At stage 2, the amounts established at stage 1 were analysed by NHS trusts. In agreement with health authorities the amounts were further reduced to take account of the activity which would be covered by new or expanded service agreements in 1999-2000. The amounts not covered by service agreements formed the base for the 1999-2000 OAT adjustment. This is shown in column C of the table. These figures, uplifted by 8.5 per cent., comprise the 1999-2000 OATs adjustment.
The information collected to establish the 1999-2000 OAT adjustment was provided by NHS trusts. The figures were derived from NHS trust ECRs but do not represent the totality of NHS trust ECRs.
The amounts in column C of table 1 formed the basis of the OAT adjustments made to health authorities.
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Table 2, a copy of which has been placed in the Library, shows NHS trusts' 1997-98 forecast ECR and cost per case income. This information was collected as part of the in-year financial monitoring returns.
The figures in tables 1 and 2 are not comparable.
Mr. Baker: To ask the Secretary of State for Health, pursuant to his answer of 26 June 2000, Official Report, column 356W, on television advertisements, if he will list the advertisements which were not provided with closed caption subtitling. 
Ms Stuart: Further to the answer given on 26 June, I regret the information given the hon. Member was incorrect and the total number provided with closed caption subtitling was 32.
The three advertisements commissioned without closed caption subtitling were:
Mr. Gill: To ask the Secretary of State for Health when he will publish his response to the report of the Meat Inspection Charges Task Force. [R]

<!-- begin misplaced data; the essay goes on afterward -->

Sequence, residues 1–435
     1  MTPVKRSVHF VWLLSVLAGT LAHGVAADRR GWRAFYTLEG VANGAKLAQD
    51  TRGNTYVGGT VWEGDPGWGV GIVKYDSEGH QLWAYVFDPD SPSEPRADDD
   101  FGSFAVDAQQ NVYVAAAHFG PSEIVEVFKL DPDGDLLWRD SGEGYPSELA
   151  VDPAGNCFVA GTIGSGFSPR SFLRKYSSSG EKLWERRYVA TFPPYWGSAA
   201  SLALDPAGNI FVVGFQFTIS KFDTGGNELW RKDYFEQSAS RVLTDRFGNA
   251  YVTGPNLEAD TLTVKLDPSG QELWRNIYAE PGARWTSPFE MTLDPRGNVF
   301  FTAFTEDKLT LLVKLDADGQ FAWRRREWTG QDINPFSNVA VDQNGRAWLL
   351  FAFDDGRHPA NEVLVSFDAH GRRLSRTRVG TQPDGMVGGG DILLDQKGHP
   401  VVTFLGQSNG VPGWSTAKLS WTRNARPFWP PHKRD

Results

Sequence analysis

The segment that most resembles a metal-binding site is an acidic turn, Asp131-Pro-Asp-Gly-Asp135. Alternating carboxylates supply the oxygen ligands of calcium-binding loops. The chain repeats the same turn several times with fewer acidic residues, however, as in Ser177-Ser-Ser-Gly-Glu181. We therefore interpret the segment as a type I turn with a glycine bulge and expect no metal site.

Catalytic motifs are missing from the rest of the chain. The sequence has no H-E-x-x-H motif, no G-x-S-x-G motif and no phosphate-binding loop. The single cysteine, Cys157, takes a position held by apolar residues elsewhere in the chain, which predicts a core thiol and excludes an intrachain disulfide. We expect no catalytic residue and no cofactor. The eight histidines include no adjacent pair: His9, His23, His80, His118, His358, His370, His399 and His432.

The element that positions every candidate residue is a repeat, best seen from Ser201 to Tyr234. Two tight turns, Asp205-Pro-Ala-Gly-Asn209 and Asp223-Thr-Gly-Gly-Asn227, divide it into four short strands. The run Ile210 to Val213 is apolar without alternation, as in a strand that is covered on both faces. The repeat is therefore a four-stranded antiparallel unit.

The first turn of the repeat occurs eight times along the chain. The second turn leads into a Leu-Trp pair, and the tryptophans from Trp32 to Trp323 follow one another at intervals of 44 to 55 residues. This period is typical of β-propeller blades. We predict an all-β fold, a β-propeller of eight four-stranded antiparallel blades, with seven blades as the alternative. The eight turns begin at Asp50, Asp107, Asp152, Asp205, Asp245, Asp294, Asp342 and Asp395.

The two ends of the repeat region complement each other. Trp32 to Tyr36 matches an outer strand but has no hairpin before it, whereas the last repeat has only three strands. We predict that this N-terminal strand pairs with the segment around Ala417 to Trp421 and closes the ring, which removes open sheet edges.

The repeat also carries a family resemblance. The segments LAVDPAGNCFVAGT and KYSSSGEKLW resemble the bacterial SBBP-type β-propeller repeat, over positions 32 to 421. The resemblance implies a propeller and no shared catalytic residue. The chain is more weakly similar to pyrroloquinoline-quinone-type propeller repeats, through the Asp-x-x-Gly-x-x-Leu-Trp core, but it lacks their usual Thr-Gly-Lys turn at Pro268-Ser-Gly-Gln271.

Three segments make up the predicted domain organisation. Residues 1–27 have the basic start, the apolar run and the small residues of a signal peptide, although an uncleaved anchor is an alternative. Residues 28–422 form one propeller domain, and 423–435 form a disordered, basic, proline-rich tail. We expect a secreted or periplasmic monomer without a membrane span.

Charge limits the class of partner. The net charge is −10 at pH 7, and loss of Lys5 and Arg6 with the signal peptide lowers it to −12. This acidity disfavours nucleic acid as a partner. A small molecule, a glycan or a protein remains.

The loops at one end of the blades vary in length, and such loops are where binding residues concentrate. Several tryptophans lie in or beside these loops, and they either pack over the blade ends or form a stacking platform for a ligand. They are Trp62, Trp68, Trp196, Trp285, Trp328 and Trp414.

Ms Stuart: We are grateful to the Task Force and its chairman for the thorough and comprehensive investigation they have carried out into this complex issue. We are now urgently considering the Task Force's recommendations and will announce its conclusions once that consideration is complete.
Dr. Kumar: To ask the Secretary of State for Health what role health action zones will play in addressing the decline in children's activity levels and the increase in the number of overweight children; and if he will make a statement. 
Mr. Hutton: All health action zones are working towards the key aims of reducing health inequalities and modernising services in the most deprived parts of England. HAZ programmes include a number of projects that focus on exercise and diet for children.
Ms Julie Morgan: To ask the Secretary of State for Health how many children have left local authority care since the implementation of the Children Act 1989 in (a) England and (b) Wales. 
Mr. Hutton: The estimated number of children who have ceased to be looked after in England between the implementation of the Children Act 1989 (14 October 1991) and 31 March 1999 is 190,000.
The provision of data for Wales is a matter for the Welsh Assembly.
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Ms Julie Morgan: To ask the Secretary of State for Health (1) what is the average size of the grant made by local authorities to care leavers going into (a) further education and (b) higher education; 
Mr. Hutton: The information relating to England is not available centrally.
The information relating to Wales is a matter for the devolved Administration.
Mr. Oaten: To ask the Secretary of State for Health what recent advice he has issued to hospitals on the circumstances in which they must produce an adverse incident report. 
Ms Stuart: In November 1999, the Minister of State for Health, my hon. Friend the Member for Southampton, Itchen (Mr. Denham), launched a series of standards underpinning the National Health Service Executive's "controls assurance" project. One of the standards outlines a number of key components of an effective system of risk management that all NHS hospitals must subscribe to, including incident reporting. A key criterion contained in the "risk management system" standard requires NHS hospitals to ensure that